Because as they proceeded through call-ins from homosexuals in small towns, or chats with religious leaders about their views, two things became clear: (a) the sensible religious leaders were mostly uninterested in the issue, and (b) when the gay callers asked the astrologers about what the stars said about why they were gay, the astrologers said that this was the fate the stars had predicted for them – because when you think of it, what else would an astrologer say? And when asked the obvious question then, about what someone should do about something that the stars had predicted for him, but which people around him didn’t approve of, the astrologers looked acutely embarassed and had no answer other than saying that maybe the stars said they should go abroad! And Anjali just sat back with a smile to see the fun!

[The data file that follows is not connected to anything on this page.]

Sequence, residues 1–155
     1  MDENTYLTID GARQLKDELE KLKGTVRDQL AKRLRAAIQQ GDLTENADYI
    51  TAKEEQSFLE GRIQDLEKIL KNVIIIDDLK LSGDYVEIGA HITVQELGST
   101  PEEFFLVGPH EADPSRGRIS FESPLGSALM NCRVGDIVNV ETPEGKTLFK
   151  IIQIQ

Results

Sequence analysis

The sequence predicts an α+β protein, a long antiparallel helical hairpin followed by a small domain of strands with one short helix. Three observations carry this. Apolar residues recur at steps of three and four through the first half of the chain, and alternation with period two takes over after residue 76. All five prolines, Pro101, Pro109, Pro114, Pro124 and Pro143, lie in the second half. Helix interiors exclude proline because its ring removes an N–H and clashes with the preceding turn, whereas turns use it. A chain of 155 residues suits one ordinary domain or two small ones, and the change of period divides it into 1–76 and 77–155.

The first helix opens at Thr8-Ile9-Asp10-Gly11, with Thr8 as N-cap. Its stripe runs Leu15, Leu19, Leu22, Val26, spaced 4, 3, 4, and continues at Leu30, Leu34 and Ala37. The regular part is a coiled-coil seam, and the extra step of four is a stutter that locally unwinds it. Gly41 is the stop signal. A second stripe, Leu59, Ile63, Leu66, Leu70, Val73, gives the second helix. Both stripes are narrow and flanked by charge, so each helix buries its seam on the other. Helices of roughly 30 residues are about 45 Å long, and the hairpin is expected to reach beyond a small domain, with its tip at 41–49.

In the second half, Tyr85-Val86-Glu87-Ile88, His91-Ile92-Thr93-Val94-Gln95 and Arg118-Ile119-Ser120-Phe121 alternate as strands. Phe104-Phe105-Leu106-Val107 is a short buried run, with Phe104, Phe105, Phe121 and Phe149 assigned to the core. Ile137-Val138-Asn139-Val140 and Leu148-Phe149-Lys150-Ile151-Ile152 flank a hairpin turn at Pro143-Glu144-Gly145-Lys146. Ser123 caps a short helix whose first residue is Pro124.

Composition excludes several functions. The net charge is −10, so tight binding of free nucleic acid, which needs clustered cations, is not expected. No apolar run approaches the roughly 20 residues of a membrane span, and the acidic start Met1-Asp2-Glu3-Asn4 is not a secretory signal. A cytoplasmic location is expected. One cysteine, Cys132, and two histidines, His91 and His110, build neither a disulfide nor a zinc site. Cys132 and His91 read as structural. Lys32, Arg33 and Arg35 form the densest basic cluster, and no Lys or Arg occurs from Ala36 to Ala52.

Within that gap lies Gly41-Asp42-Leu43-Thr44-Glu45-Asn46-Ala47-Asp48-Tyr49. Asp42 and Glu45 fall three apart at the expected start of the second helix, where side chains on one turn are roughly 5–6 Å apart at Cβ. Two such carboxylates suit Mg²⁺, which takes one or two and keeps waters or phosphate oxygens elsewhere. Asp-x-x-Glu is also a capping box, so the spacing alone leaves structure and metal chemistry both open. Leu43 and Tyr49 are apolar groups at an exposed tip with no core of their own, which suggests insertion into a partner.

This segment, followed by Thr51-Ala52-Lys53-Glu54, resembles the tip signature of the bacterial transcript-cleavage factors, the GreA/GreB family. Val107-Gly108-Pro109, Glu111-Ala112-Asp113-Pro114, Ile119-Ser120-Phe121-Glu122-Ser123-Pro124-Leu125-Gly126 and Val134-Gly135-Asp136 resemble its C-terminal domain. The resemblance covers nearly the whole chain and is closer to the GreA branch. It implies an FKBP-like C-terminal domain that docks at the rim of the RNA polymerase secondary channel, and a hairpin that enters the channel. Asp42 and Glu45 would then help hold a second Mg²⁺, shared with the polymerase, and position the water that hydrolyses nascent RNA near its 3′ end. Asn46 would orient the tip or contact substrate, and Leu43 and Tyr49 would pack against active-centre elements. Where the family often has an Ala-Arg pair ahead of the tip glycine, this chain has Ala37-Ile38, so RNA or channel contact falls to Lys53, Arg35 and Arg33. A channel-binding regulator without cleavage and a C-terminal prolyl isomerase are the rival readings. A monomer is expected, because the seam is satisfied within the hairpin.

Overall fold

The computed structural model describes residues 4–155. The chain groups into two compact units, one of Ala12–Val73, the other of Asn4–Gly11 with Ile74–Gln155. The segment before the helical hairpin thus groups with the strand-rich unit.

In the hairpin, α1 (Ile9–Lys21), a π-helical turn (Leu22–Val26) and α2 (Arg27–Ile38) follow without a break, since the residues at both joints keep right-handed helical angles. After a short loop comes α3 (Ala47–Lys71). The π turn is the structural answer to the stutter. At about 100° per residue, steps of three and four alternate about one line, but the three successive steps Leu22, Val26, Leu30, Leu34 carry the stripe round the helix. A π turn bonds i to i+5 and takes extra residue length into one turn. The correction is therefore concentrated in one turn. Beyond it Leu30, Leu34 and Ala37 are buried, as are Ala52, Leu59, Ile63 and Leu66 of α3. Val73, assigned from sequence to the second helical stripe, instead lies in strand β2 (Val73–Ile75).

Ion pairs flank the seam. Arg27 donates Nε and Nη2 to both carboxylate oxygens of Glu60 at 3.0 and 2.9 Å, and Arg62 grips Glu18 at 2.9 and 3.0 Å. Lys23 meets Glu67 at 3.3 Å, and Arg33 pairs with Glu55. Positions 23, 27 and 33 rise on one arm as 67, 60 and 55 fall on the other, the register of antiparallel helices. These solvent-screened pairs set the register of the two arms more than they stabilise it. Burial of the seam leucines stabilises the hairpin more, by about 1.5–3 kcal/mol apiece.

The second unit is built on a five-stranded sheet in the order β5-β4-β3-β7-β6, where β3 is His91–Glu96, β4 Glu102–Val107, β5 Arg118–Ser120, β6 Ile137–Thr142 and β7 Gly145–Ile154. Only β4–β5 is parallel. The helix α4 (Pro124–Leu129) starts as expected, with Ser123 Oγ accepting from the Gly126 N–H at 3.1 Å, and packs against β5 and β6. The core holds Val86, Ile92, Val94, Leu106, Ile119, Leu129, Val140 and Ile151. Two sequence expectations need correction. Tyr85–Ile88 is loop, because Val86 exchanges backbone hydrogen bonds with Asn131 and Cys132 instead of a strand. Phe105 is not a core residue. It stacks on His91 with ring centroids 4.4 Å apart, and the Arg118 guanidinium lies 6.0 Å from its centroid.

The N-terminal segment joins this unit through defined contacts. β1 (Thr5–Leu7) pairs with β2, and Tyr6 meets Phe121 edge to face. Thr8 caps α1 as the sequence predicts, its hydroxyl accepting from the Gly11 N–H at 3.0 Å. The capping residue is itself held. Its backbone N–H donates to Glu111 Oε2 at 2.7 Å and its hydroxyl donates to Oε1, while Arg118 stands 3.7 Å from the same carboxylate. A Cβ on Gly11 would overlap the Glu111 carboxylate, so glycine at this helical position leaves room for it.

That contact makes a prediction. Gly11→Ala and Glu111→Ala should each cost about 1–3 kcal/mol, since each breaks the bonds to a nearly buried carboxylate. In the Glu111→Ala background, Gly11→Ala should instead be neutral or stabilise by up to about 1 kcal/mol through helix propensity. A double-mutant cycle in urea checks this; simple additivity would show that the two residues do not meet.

Anjali isn’t sitting back in general though, even now that Naz India case has been won. As everyone on these lists knows, the same case has been challenged in the Supreme Court by all the voices of intolerance and hatred and bigotry that she has always been battling against, and she was there every day in Court to hear how it went. I was with her on the main days when our case was argued by our lawyers and it wasn’t easy. There were times when the questions that came from the judges, the opinions of our opponents that they were throwing back at us, were simply so awful and infuriating that we just had to duck down in the back row where we were standing and put our heads in our hands.